CHAMBERLAIN, S.D. -- When is prime time for South Dakota walleye action? Now!
Anglers on the Missouri River are plainly visible from thousands of passers-by on Interstate I-90. Launch ramp parking lots are full of trucks from Wisconsin, Iowa, Illinois, Minnesota, North Dakota and Nebraska, plus hundreds of in-state anglers. The walleyes are moving up Lake Francis Case towards traditional river spawning areas from Chamberlain to Big Bend Dam.
Despite higher spring-time flows the fish are biting. When Professional Walleye Trail pros and amateurs begin competing in the Midwest Pro-Am on Wednesday the fish should be done spawning and be feeding heavily. The key for contestants in pursuit of nearly $250,000 in prize money will be locating the highly-mobile females. Male walleyes usually remain in shallower, warmer water after spawning and make up the bulk of the catch.
PWT contestants will pre-fish for several days to determine the best tactics, then each will put the best game plan into action. A morning start is followed by weigh-in from 3 p.m. to 6 p.m. each afternoon at Cedar Shore Resort in Chamberlain. Track the weigh-ins live by logging on to real-time scoring at www.in-fisherman.com. Select your favorite pros and play the Fantasy Walleye Challenge at www.fbc2000.com.
Bowfin club season about to begin
The Minnesota Bowfin Club (MBC), started in 1999, is dedicated to fishermen who enjoy the challenge of catching one of Minnesota's most aggressive roughfish on artificial lures. The tournament season takes place each spring and results are reported on an honor system. The individual reporting the largest fish is Grand Champion for the year. The current state record is 10 pounds, 15 ounces.
The Bowfin, commonly known as dogfish, is a roughfish with no possession limit or closed season. However, MBC promotes catch and release. Tournament rules state that all bowfin must be returned to the water alive and unharmed. Membership in the club is limited. Lifetime memberships are available. Phone (218) 828-6154 for tournament rules or more information.
Practice these tips for safe turkey hunting
Statistically, a golfer is about 50 times more likely to take a trip to the emergency room than a spring turkey hunter, according to the National Wild Turkey Federation (NWTF). Spring turkey hunting incidents have dropped nationally from a high of 8.1 per 100,000 in 1991 to a low of 2.95 per 100,000 last spring. Minnesota has never had a fatal turkey hunting accident. Only six shooting injuries have been reported since turkey hunting resumed in Minnesota in 1978.
The National Wild Turkey Federation offers the following tips for those who plan to hunt during one of Minnesota's six wild turkey hunting seasons, which open April 18 and close May 27.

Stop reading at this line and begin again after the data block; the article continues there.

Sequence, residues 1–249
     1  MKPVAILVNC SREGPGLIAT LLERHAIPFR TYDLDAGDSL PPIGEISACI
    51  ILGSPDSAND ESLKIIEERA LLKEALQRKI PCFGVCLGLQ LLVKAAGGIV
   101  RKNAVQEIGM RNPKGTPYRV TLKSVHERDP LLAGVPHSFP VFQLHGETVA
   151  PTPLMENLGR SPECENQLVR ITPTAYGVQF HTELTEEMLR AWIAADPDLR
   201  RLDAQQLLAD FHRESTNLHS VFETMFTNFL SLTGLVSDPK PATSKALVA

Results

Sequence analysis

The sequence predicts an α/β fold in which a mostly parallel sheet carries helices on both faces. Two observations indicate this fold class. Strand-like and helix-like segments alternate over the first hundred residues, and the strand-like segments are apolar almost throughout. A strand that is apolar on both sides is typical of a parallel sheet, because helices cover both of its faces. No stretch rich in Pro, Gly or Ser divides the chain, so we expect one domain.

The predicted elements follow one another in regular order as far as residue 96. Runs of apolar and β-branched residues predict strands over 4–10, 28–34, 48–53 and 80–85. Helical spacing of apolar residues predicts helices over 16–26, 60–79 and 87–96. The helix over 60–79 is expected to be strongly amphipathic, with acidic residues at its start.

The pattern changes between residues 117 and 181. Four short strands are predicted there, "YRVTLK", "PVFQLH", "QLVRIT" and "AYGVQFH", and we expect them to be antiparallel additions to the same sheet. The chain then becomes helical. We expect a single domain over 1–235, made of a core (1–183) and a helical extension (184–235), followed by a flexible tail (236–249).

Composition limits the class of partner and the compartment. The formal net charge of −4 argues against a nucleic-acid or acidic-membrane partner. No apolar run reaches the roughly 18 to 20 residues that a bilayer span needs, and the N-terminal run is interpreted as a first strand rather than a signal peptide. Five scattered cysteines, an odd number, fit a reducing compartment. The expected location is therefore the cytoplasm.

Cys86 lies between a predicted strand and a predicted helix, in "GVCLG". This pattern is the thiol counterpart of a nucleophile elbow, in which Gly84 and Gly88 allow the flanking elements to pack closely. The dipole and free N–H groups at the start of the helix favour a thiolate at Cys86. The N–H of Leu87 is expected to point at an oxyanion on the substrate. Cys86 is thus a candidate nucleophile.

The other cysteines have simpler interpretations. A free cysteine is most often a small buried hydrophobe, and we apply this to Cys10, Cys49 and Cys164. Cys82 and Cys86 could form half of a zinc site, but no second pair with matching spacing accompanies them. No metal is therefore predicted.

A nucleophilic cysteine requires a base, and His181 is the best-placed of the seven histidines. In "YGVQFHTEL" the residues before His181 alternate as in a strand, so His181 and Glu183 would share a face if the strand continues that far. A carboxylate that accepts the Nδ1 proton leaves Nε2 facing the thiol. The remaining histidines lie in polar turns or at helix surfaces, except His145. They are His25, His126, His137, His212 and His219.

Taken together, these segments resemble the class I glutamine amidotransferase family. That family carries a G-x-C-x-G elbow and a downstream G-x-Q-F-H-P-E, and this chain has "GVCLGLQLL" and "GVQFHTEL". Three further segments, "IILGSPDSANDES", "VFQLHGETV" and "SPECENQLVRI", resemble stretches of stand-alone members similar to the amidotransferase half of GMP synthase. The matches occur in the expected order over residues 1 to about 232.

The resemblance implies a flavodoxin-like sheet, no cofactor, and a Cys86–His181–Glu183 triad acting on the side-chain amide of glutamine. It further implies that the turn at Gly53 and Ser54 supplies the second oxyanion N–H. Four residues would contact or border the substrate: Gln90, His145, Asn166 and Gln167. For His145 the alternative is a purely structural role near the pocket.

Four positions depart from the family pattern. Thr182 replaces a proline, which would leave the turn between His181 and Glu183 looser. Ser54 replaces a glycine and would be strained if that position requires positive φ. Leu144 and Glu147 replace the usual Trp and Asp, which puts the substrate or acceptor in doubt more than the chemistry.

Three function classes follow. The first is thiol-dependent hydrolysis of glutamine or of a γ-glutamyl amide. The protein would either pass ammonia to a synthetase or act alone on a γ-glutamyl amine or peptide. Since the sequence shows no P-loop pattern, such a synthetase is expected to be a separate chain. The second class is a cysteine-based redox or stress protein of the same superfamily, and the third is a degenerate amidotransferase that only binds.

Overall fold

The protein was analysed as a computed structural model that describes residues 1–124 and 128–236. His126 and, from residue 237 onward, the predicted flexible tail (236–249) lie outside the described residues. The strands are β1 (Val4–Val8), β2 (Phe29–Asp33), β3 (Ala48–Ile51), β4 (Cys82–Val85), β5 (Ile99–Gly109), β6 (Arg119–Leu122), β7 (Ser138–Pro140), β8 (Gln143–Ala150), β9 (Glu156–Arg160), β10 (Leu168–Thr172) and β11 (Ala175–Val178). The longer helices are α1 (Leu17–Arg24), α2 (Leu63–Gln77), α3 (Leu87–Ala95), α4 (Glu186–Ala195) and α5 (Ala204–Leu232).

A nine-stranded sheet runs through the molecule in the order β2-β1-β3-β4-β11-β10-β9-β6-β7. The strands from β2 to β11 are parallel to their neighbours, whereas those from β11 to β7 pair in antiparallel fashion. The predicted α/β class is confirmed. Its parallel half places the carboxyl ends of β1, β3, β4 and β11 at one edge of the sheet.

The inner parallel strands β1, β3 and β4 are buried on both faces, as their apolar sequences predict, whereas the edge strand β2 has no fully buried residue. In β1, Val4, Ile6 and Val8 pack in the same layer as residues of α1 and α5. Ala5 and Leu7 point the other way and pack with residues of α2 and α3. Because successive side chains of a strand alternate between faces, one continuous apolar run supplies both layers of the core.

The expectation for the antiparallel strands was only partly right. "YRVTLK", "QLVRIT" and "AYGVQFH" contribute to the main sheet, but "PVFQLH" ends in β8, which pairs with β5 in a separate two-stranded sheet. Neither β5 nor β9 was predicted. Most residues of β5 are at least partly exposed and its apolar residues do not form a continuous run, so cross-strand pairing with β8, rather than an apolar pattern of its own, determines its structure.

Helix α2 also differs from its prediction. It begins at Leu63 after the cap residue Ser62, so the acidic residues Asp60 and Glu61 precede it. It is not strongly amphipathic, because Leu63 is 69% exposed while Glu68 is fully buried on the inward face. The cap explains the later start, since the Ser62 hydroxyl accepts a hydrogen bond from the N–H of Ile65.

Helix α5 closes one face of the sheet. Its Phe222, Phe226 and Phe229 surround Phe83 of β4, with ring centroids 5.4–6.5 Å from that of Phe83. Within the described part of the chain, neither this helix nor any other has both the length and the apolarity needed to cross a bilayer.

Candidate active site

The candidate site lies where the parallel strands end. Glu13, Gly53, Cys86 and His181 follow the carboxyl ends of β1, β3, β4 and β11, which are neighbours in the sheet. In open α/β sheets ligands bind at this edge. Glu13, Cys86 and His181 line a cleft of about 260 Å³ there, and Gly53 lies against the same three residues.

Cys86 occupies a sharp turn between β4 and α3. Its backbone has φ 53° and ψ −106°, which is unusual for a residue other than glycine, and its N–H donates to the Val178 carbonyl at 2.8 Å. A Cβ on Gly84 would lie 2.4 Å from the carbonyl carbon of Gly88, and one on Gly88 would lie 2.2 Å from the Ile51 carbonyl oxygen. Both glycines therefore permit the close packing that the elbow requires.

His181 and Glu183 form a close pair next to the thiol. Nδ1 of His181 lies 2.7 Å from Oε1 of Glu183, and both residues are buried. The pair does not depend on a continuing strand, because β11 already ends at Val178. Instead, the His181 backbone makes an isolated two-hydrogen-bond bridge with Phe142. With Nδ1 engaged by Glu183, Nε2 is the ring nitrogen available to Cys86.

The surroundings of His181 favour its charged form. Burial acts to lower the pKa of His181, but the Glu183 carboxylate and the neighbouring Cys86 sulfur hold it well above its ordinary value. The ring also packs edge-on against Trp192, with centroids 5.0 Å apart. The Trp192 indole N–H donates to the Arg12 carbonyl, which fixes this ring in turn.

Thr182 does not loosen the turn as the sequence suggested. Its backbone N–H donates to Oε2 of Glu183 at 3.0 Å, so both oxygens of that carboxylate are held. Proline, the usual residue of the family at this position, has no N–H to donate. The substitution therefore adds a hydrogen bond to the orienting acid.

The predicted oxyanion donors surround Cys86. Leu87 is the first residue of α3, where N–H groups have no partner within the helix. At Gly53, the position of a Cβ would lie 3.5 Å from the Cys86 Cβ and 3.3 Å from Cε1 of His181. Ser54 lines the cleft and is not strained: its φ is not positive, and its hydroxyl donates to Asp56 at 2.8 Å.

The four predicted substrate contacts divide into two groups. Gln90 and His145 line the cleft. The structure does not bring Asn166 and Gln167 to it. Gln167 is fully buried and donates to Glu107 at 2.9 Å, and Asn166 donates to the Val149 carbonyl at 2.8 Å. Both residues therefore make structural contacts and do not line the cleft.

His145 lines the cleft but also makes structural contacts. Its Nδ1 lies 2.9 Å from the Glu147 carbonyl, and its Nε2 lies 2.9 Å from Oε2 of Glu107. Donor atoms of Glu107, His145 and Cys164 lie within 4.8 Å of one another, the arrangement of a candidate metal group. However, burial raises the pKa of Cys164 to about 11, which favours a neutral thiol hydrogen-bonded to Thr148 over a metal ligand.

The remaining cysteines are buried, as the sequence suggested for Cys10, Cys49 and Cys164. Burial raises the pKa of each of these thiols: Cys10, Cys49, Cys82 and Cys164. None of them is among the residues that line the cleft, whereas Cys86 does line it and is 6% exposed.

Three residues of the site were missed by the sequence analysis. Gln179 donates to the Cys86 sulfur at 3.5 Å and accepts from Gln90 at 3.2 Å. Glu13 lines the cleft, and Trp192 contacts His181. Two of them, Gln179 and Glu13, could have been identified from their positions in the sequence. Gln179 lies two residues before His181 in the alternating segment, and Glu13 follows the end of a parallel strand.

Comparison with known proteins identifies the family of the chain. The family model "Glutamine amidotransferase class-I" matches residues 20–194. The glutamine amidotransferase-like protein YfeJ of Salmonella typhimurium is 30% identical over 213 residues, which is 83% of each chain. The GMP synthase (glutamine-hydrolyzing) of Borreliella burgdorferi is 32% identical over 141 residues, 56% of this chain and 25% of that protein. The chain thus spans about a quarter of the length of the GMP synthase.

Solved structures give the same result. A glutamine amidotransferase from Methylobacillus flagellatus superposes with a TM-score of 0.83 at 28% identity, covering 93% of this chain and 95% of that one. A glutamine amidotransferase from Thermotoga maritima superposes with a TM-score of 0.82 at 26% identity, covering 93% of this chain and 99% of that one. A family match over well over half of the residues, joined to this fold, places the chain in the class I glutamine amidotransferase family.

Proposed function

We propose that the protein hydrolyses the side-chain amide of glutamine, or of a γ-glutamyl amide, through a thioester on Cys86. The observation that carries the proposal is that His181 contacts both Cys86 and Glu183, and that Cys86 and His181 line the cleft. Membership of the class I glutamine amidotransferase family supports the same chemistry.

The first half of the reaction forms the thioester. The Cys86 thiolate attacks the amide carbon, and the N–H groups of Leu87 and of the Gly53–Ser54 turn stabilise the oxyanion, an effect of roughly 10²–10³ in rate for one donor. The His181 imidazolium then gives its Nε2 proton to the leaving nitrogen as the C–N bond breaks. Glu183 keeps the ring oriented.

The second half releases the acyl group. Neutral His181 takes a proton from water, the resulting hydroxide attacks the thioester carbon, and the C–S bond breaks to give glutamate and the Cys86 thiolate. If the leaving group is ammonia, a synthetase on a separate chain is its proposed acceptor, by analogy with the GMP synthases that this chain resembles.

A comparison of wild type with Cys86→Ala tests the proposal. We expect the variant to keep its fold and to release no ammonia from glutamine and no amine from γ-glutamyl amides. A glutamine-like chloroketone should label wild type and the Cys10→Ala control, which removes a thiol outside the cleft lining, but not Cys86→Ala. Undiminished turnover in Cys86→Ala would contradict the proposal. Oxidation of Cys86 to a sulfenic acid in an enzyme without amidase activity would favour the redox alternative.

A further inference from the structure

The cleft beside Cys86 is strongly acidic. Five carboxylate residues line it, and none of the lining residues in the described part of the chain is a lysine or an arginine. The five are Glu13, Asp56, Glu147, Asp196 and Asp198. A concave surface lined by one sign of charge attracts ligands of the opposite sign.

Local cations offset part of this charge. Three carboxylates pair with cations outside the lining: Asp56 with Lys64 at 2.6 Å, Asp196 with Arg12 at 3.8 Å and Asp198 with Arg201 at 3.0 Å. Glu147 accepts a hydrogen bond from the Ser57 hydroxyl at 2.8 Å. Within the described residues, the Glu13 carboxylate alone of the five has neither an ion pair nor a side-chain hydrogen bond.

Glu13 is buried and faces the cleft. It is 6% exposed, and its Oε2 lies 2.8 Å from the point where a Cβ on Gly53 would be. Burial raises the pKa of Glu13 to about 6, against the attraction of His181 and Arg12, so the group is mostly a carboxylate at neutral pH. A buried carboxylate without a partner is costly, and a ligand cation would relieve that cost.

-- Select the largest stump, blow-down, tree trunk or rock that is wider than your shoulders and higher than your head to place your back against when calling; a hunter is more likely to spot another hunter when moving to the front or side than from behind;
-- Eliminate the colors white, red, black and blue from your hunting outfit; this includes handkerchiefs, socks, underwear, etc. These are the colors of a turkey gobbler's head and could be mistaken as such;
-- Select your calling spot in open timber rather than thick brush. Eliminating movement is a key to success, not concealment;
-- Be discreet when imitating the sound of a gobbling turkey;
-- A good hunter can always detect movement in the forest by watching other game or listening for the alarm cries of bluejays, crows, squirrels or woodpeckers. Stay alert;
-- When songbirds, crows or your turkey becomes quiet, look out; there's a good chance another hunter is moving in on your bird;
-- Never move, wave or make turkey sounds to alert another hunter of your presence. Remain still and speak in a loud, clear voice to announce your presence. These tactics are safer than quick movements.
Walleye Alliance to meet May 2
The monthly meeting of the Brainerd Chapter of the Minnesota Walleye Alliance will take place at 7 p.m. on May 2 at the Elk's Club in Brainerd. The guest speaker will be Marv Koep, former owner of Koep's Pro Shop, Nisswa. Koep owned the shop, headquarters for Nisswa Guides, for 31 years. Al Lindner, Ron Linder and Gary Roach were original members. Koep sold the store in 1991 and has guided full time for the past nine years. He was inducted as a "Legendary Guide" into the National Freshwater Hall of Fame in 1999 and the Minnesota Fishing Hall of Fame in 2000.
Rainy River success was mixed this spring
The Rainy River border fishing season closed April 14 after beginning about March 22. Anglers began by launching boats over ice shelves. Then the river re-froze and was inaccessible until about March 29. For the next week the weather remained stable, the river progressively opened each day and fishing was good to excellent. This lasted for only a week.
Beginning April 6, heavy rain and strong wind hit the area. Another midweek storm brought more rain. This raised water levels and reduced clarity. Angling success was poor in the mid-stretches of the river. Activity shifted to International Falls, above the Big Fork and Little Fork Rivers. Ramps were congested and angling success was only fair.
During the open water period on the river DNR conservation officers took enforcement action for various boat registration and safety equipment violations, over limit violations, walleye length limit violations and angling license violations.
The fishing season on the river re-opens May 12.
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